Matsushima's best-known structure is the most famous Zen temple in northern Japan. Located just a couple minutes' walk from Matsushima Kaigan Pier and 10 minutes from the train station, its entrance is shaded by tall cedar trees. On the right side of the pathway leading to the temple are caves and grottoes dug out by priests long ago; adorned with Buddhist statues and memorial tablets, they were used for practicing zazen (sitting meditation) and are an impressive sight. Here, too, you'll find what is probably Japan's only monument to . . . eels!

Now a National Treasure and the highlight of a stay in Matsushima, Zuiganji Temple was originally founded in the Heian Period (828) as a Tendai temple but became a Zen temple in the 13th century. After a period of decline, it was remodeled in 1604 by order of Date Masamune, the most powerful and important lord of northern Honshu. Unifying the region known as Tohoku, Date built his castle in nearby Sendai, and today almost all sites in and around Sendai and Matsushima are tied to the Date family. It took hundreds of workers 5 years to build the impressive main hall, a large wooden structure that was constructed in the shoin-zukuri style typical of the Momoyama Period and served as the Date family temple. But it's the temple's interior that impresses, especially the wood-carved transoms and brilliantly painted, gold-plated fusuma (sliding doors). A room at the back is dedicated to the samurai who were laid to rest here, having followed their Date lord into death by committing ritualistic suicide. On temple grounds is the Zuiganji Art Museum (Seiryuden), which houses temple and Date family treasures displayed on a rotating basis, including painted sliding doors, portraits and statues of the Date clan, teacups, scrolls, calligraphy, and woodblock prints, many of Matsushima as it looked in former times. In all, you'll probably spend an hour at Zuiganji Temple.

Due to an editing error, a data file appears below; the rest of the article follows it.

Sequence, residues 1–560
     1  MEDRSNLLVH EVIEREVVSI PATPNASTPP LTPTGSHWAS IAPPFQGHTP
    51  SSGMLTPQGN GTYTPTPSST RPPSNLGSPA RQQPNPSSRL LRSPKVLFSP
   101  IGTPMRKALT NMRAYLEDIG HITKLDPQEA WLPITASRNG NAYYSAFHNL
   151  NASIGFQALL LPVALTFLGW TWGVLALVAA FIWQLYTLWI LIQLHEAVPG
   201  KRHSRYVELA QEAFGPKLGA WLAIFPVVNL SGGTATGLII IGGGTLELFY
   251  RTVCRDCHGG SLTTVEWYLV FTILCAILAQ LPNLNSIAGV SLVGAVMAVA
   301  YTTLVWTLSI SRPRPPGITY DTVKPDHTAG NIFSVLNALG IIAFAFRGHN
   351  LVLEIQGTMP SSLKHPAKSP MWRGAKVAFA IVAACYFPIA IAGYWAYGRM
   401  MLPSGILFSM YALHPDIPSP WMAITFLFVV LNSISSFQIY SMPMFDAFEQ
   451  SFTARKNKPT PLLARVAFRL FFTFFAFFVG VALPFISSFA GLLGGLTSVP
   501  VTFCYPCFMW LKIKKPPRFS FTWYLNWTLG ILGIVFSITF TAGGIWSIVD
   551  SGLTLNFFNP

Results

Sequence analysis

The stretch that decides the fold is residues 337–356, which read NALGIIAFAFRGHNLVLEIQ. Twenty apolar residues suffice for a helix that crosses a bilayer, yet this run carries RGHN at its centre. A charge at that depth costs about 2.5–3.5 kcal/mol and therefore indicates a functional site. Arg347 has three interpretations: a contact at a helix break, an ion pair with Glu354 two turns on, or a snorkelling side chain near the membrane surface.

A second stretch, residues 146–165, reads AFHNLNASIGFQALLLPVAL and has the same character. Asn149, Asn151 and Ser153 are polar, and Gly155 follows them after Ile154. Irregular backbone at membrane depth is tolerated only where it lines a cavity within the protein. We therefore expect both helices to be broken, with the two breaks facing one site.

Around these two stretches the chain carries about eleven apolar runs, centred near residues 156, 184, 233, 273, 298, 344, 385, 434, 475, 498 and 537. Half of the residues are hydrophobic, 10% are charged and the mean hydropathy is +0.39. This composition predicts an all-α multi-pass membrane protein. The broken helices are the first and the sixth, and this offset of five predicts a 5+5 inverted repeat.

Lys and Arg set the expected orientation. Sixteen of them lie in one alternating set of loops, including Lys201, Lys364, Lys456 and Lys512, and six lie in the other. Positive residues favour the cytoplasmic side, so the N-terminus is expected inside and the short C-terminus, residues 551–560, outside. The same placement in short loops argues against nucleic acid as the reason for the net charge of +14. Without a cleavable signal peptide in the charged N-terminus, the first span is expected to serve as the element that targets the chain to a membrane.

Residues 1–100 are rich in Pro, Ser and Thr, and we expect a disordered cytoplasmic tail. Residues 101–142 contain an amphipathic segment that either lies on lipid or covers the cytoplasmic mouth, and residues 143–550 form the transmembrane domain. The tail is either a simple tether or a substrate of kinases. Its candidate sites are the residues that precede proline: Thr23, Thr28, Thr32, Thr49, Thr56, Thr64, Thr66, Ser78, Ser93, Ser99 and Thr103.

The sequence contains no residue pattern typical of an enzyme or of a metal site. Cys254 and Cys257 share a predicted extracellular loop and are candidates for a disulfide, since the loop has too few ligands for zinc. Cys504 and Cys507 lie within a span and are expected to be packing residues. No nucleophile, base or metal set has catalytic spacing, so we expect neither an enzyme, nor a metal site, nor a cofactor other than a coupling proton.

Under the supervision of Zuiganji Temple is Godaido, a small wooden worship hall on a tiny island not far from the pier. Connected to the mainland by a short bridge, its grounds are open night and day and are free, but there's not much to see other than the bay. Nevertheless, Godaido is often featured in brochures of Matsushima, making this delicate wooden temple one of the town's best-known landmarks.